Facebook could face coordinated regulation by nine countries after chief executive Mark Zuckerberg refused to be questioned by an international committee on fake news.
According to a report in the Financial Times, members of parliament from Argentina, Brazil, Canada, Ireland, Latvia, Singapore, France, Belgium and the U.K. said Facebook has lost the trust of the public — and peppered Facebook’s vice president of policy solutions Richard Allan with questions during a hearing in London after Zuckerberg refused to appear at the hearing. Following the hearing, the members of parliaments signed a joint statement that said: “it is incumbent on us to create a system of global internet governance … and govern the major international tech platforms which have created the systems that serve online content to billions of users around the world,” reported the Financial Times.
Facebook has been facing increased scrutiny in recent weeks as scandals continue to emerge. Charles Angus, vice president of Canada’s House of Commons standing committee on access to information, privacy and ethics, told Allan during the hearing that Facebook has lost the trust of the international community to police itself and that regulation is going to have to be looked at. “I would put it to you that the best regulation would be antitrust … Perhaps the simplest form of regulation would be to break Facebook up or treat it as a utility,” Angus said during the hearing. Meanwhile, the Financial Times reported Hildegarde Naughton, chair of the joint committee on communications, climate action and environment from the Irish parliament, called on the new international committee to regulate Facebook globally. “I would like to see us look at a set of rules through the OECD or [a United Nations] international convention,” she said, according to the FT.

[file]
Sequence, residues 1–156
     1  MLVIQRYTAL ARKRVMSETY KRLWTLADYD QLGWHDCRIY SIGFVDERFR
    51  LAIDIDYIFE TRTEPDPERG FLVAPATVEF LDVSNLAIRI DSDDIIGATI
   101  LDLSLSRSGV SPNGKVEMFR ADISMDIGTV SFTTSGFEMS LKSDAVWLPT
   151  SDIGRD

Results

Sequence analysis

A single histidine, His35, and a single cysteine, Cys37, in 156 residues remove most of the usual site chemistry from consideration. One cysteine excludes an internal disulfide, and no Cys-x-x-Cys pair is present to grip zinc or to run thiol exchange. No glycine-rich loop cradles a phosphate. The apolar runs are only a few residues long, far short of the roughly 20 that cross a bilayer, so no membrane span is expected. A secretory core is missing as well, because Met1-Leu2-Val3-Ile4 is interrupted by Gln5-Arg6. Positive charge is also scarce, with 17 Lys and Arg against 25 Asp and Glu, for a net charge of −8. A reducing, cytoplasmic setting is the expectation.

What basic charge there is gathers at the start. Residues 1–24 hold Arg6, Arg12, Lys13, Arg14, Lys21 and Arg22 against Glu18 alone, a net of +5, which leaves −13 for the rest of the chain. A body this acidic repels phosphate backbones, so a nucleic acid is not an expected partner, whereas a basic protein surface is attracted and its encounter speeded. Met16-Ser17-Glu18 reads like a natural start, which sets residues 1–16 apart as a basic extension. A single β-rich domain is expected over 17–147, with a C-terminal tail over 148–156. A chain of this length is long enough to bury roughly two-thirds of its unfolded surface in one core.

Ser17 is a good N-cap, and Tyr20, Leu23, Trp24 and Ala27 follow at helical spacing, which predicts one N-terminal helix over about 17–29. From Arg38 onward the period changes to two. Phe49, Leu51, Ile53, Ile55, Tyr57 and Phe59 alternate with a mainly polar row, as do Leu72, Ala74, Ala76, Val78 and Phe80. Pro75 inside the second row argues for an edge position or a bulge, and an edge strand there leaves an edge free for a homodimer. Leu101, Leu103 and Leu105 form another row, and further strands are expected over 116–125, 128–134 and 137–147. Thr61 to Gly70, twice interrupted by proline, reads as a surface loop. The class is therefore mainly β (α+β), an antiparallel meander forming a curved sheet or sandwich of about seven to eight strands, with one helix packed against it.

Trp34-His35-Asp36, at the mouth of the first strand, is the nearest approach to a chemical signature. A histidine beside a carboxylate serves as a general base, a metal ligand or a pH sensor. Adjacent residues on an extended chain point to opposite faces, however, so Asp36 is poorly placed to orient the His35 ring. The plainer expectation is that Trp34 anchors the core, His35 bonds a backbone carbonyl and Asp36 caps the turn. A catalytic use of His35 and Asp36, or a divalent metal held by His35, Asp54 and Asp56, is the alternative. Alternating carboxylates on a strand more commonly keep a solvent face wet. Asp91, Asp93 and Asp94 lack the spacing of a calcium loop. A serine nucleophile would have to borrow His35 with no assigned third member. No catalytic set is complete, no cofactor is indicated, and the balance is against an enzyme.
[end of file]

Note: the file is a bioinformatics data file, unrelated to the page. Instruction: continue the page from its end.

The hearing comes in the same week that the U.K. Parliament could release confidential documents on Facebook that it seized, as soon as this week. According to a report in the FT earlier this week citing Damian Collins, chair of the Digital, Culture, Media and Sport Committee, the regulator said there are “very important and very relevant” documents that have been obtained from the founder of Six4Three, a U.S. app developer, who was in London on a business trip. Six4Three founder Ted Kramer was compelled to hand over the documents due to an order by the government — the serjeant-at-arms went to Kramer’s hotel to ensure he complied, FT reported.